Using images from the Hubble and Webb Space Telescopes, astronomers have combined brilliant new images of the phantom galaxy, capturing its colorful spiral arms spinning outward from its bright blue core. The new images have been released by NASA and the European Space Agency.
CNN reported that the Phantom Galaxy, previously known as M74, is located in the constellation Pisces and is a type of spiral galaxy known as a “grand design spiral”, which means that the Phantom Galaxy has a clearly discernible the spiral arm.
The newly released image shows the phantom galaxy’s spiral arms swirling outward from its core.
The European Space Agency (ESA) said the Webb Space Telescope detected “dense filaments of gas and dust” in the spiral arms of the phantom galaxy, and also captured a clear picture of the phantom galaxy’s center of a nuclear star cluster, not obscured by gas.
The Webb Space Telescope team is working on projects to understand the earliest stages of star formation, and the telescope also uses the Mid-InfraRed Instrument to examine phantom galaxies.
The European Space Agency said that the Webb Space Telescope is good at observing in the infrared light band, and the Hubble Space Telescope can take particularly clear pictures in the ultraviolet and visible light bands, which makes the images of phantom galaxies show star formation and are particularly bright at the HII region.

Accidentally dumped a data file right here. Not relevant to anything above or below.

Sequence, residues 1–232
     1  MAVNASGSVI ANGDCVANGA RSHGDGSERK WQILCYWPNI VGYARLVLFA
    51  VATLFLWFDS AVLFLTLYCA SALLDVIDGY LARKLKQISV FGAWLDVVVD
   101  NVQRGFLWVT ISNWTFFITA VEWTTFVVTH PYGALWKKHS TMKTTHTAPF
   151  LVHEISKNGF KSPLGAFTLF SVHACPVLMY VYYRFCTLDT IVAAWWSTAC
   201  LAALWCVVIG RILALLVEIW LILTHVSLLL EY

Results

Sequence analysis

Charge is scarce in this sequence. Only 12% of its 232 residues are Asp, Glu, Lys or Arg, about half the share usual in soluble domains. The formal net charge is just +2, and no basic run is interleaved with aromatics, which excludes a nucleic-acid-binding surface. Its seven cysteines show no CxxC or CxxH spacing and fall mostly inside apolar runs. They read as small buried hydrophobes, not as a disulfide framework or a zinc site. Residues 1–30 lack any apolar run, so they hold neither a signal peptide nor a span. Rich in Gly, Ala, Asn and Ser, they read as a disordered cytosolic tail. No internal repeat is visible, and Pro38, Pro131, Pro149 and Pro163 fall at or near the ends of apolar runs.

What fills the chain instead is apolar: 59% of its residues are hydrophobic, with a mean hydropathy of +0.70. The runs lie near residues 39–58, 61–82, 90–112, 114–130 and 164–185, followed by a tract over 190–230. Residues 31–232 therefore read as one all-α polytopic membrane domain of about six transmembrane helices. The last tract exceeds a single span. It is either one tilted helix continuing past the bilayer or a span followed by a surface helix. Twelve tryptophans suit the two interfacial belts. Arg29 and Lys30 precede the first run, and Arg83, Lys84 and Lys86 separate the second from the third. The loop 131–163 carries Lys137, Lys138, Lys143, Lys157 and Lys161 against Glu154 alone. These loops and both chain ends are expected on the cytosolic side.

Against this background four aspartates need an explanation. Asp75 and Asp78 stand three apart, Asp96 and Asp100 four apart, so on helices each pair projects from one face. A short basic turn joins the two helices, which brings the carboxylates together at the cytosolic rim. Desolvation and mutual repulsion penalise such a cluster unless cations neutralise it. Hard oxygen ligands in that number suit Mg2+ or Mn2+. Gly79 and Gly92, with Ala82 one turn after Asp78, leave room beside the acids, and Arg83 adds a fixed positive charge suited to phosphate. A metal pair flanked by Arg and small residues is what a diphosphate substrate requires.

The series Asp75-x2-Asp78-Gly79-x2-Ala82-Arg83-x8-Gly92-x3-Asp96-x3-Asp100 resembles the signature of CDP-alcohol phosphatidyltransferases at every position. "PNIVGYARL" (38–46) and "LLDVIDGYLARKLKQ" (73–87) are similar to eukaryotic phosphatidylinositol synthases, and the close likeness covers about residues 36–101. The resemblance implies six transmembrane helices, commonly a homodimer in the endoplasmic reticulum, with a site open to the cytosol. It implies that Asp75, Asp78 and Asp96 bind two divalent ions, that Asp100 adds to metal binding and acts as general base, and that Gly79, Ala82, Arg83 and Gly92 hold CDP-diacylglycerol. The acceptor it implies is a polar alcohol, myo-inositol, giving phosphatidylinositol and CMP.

The images captured by the Webb Space Telescope show the phantom galaxy’s bright white, red, pink and pale blue dust and stellar appendages spiraling out from around the bright blue core, in a deep black sky it is more colorful, Agence France-Presse reported.
Previous images of M74 by the Hubble Space Telescope captured blue and pink spiral arms, but the core was pale yellow.
According to NASA and the European Space Agency, phantom galaxies are “stellar objects suitable for astronomers to study the origin and structure of spiral galaxies.”
The images taken by the Webb telescope could help them “get a deeper understanding of the initial stages of star formation in the local part of the universe” and record information about about 19 star-forming galaxies in the vicinity of the Milky Way.
NASA and the European Space Agency said in a statement that astronomers will also be able to use images of phantom galaxies to “accurately pinpoint the regions in galaxies where stars form, accurately measure the mass and age of star clusters, and gain a solid understanding of the tiny dust that floats in interstellar space and the nature of particles”.
First Image: ESA